And since Jones, government officials, federal prosecutors and others interviewed for the article knew a story would be published ? though they
didn't know when ? "there was the danger of word getting out," said Langer.
So instead of prepping the story for Saturday's paper, the Morning News "did what CNN does."
"When the story was finished, we went with it," he said.
The second move is the Morning News' decision not to use any of the remaining defense documents for future stories.
To get the point across, the Morning News filed a statement in the U.S. District Court in Denver promising not to do so.
The filing stated that the Morning News has placed all of the documents in the custody of its attorney where they will remain ? indefinitely.
"The intent was not to interfere . . . delay the trial," said Langer. The trial is scheduled to begin at the end of the month.
From the collection of documents, there was "one incredibly significant story," he said.
"Nothing of that significance [from the remaining files] would make the cut for publication."
Not merely putting the documents to rest for the duration of McVeigh's trial, Langer said the Morning News has no intention of ever using any of the information for subsequent articles.
"We have taken the documents and said 'we're through there,' " said Langer.
Not everyone agrees with that scenario, Sonnett included.
"It blew up in their faces, and at that point they decided to cover their losses," he said.
"They were getting beaten about the head and shoulders with this thing."
Somewhat annoyed and worn out from the endless rounds of speculation by outsiders, Langer and the Morning News are quietly trying to make their case.
Langer continues to give select interviews in hopes of clearing the air and getting the facts out about the paper's decision to run the story. And two weeks ago, the Morning News ran a story about the numerous excuses used by defense lawyer Jones to explain ? or explain away ? the findings of the paper.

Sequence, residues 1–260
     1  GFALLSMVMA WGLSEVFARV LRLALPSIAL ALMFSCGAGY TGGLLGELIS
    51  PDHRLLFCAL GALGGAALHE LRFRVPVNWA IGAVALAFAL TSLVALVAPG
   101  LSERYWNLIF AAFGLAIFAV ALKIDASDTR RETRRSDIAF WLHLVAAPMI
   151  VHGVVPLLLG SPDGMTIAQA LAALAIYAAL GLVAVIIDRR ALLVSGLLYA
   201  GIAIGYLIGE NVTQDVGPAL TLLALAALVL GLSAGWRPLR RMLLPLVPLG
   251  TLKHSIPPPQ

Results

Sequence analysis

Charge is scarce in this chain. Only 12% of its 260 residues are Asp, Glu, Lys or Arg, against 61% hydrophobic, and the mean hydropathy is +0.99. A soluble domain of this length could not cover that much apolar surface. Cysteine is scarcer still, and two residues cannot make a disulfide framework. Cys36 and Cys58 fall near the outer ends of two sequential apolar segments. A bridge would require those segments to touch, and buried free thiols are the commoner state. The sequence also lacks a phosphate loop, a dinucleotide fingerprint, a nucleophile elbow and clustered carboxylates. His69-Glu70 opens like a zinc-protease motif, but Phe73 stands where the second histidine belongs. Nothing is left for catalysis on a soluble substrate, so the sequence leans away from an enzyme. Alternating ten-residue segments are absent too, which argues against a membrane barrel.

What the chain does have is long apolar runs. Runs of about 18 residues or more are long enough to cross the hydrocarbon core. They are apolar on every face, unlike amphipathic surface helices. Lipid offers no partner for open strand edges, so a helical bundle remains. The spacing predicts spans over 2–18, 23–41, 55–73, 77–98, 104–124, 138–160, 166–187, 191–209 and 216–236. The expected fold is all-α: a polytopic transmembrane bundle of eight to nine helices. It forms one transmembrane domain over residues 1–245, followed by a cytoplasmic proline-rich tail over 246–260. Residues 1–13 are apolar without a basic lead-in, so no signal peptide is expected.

"His story has changed, ours has not," declared Langer.
Defense lawyer Roy Black, who successfully defended William Kennedy Smith in a rape trial, agreed.
"He [Jones] keeps giving these statements that keep changing every day," Black said.
"He [Jones] keeps hurting his own credibility."
And defense attorney Raymond Brown warned, "Playing games with the media is dangerous."
Exactly, said Sonnett. "If you attack the Morning News, you create yet another story."
?(How the Dallas Morning News played the story) [Photo & Caption]
?(The Dallas Morning News was concerned about a fair trial for Timothy McVeigh, said executive vice president and editor Ralph Langer. "But the story was so significant that people needed to know about it. A month from now you'd be in the middle of the trial. Do you wait until after the trial to publish?) [Photo & Caption]
?("If you break into my house or you break into my computer, it's still theft. Unless the Dallas Morning News is prepared to present a release by me or Mr. McVeigh, they have very able lawyers, they know they didn't have any authority.") [Caption]
?(-Stephen Jones, attorney for Oklahoma bombing suspect Timothy McVeigh) [Photo & Caption]
?(Oklahoma bombing syspect Timothy Mcveigh flanked by his lawyers, Stephen Jones (right) and Rob Nigh, during a prison interview last summer) [Photo & Caption]